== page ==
ta ‘c meeywi and qe’ci’yew’yew’

I don’t know very many Nez Perce words, and will never be a speaker, but it I love the sound of the language and hope to learn a few more. For now, Good Morning and Thank You are enough.

Tac meeywi to all, and qe’ci’yew’yew’ to the many who responded to my blog post about whites writing about Indians. A few things stand out: people are interested in learning the history of Indian peoples—and all American history—that is true and real. They are tired of the omissions and outright lies taught for years in our school textbooks, dismayed by what most of us learned as children. They are very upset about the current boarding school revelations, and wonder how this could have gone on and not be known about in our own times.

They want to know about books by white authors digging up records of lies, abuses, and omissions. And they want to know about Indian writers, like Indian Horse from Canadian Ojibwa writer Richard Wagamese, which alerted us to Canadian boarding school abuses years ago—on our side of the border we must be reminded that tribes and fish knew no international boundaries before colonization, and fish still swim at will when allowed

Many know Louise Erdrich’s work, and follow her, but not the forgotten Indian writers of the past like D’Arcy McNickle and John Joseph Mathews. I try to find and pass on the fine Indian writers of the past and of today: Phil Deloria, the first Indian in Harvard’s history department; David Treuer, a Minnesota Native who teaches at USC and recently suggested, in Atlantic Magazine, that the National Parks all be turned over to a consortium of Indian tribes—a real reversal of 400 years of stealing land from Indians. And Beth Piatote, who writes for the academy and for you and me about impacts of colonialism and Indian resistance.


Jack Loeffler, friend of Alvin Josephy and Ed Abbey and biographer of Abbey, wrote to talk about a lifetime of books and radio programs in which he has tried to give Indians voice—There have been criticisms, but he carries on, now 85, knowing that Indians know that the problem is bigger than tribes, that it involves human survival.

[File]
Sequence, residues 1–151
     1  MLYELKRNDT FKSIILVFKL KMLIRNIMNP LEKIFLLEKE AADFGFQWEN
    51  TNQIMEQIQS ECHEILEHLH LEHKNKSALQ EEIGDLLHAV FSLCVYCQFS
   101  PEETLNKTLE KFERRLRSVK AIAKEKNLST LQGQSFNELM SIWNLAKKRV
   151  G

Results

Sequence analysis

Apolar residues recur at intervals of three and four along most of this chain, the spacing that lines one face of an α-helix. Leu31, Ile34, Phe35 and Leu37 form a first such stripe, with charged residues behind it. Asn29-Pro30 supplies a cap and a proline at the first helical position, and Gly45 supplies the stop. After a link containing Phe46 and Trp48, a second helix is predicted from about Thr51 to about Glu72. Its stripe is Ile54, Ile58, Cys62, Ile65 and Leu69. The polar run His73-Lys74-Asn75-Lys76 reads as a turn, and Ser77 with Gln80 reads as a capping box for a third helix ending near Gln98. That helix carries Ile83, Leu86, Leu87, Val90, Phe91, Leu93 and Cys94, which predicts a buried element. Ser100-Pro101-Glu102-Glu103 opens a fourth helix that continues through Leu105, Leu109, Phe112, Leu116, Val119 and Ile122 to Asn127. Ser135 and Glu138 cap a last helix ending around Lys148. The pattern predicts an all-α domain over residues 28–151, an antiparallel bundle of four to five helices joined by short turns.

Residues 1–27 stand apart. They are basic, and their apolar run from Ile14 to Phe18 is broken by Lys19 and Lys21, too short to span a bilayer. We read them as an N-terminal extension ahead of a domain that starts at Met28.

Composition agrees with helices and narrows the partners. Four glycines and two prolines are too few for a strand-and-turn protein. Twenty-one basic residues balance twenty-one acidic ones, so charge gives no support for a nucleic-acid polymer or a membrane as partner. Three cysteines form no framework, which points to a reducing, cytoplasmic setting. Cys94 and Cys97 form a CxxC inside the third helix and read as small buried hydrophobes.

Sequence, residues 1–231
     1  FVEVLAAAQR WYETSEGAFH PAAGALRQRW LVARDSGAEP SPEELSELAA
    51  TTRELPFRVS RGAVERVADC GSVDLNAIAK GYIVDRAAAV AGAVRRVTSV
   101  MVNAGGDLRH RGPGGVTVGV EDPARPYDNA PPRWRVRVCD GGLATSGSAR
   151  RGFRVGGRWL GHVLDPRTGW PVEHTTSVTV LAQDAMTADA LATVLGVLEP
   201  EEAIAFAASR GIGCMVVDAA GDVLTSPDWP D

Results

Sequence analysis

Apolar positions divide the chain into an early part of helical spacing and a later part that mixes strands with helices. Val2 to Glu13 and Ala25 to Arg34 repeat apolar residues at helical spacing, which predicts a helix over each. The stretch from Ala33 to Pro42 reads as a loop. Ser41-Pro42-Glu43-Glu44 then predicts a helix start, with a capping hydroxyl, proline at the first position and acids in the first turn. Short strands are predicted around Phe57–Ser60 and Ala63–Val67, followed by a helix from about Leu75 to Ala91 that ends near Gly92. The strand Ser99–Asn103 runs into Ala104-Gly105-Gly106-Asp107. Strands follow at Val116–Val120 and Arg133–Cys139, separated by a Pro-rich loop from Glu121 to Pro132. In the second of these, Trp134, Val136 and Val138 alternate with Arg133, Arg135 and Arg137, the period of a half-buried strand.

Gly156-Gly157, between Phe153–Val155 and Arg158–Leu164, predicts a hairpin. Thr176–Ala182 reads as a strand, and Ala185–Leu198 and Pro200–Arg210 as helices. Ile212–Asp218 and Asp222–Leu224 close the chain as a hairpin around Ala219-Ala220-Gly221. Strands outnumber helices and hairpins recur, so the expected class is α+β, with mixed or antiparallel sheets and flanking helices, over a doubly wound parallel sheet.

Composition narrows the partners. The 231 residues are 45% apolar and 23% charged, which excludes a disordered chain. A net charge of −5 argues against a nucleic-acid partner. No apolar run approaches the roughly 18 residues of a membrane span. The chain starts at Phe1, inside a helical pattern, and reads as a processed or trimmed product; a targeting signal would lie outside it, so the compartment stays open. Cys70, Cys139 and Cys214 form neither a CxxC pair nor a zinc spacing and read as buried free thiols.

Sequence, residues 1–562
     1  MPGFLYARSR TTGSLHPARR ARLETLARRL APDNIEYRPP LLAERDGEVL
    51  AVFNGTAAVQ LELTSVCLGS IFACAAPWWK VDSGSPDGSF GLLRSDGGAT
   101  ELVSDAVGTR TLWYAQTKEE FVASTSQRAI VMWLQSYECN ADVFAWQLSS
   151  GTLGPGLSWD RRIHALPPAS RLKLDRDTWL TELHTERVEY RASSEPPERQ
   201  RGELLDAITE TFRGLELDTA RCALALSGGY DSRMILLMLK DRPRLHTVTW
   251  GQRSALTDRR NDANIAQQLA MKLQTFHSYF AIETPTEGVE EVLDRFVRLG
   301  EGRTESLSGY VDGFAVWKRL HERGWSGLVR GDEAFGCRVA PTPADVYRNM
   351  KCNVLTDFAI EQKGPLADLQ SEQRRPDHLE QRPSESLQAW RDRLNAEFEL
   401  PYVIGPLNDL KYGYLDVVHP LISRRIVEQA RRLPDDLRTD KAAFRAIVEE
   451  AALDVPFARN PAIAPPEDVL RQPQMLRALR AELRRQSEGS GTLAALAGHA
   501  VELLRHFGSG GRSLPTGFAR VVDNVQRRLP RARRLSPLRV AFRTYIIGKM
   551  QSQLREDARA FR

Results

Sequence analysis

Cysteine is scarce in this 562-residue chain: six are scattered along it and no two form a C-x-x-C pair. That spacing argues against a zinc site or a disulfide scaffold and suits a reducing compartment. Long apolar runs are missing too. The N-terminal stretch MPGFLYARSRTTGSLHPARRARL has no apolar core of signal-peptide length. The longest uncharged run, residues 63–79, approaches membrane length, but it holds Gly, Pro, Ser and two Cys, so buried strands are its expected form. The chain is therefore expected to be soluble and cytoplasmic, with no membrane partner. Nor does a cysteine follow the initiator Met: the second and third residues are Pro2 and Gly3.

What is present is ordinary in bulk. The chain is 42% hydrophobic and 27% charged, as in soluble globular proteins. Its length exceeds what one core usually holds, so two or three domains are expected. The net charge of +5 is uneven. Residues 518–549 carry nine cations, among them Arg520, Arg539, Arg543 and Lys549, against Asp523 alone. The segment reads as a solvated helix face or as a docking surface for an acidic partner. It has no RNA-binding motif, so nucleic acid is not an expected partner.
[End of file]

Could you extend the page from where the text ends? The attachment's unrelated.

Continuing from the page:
A Nez Perce elder wrote to say that “I think it’s ok to write about Indians… your info of documents of what you’ve gathered, & maybe insert native input from individuals from Nez Perce Reservation, Colville (Chief Joseph Band) Reservation, & CTUIR-Nixyaawi.”

I try to do that. I’m sure that I make mistakes, but the stakes are high. Not only are their historical inaccuracies and omissions to deal with, but in this incredible time of pandemic disease and climate change, there are lessons to learn from Indians, who have experienced and survived it all, who have long memories and remedies for some of our many colonial wrongs and mismanagements of the earth we share.

qe’ci’yew’yew’ to them, for resilience, and for enriching my life.

p.s. photo is Celilo Falls before the dam; what we want to see again


  1. Hello Rich,

    I wish I knew what year your photo was taken, that may be our Etta Conner in the basket. I hope set up a time to talk to you this week.

    All Best,


  2. I am pretty sure that is one I got from Oregon Historical Society a few years back. I think they have a treasure of them. Worth checking.

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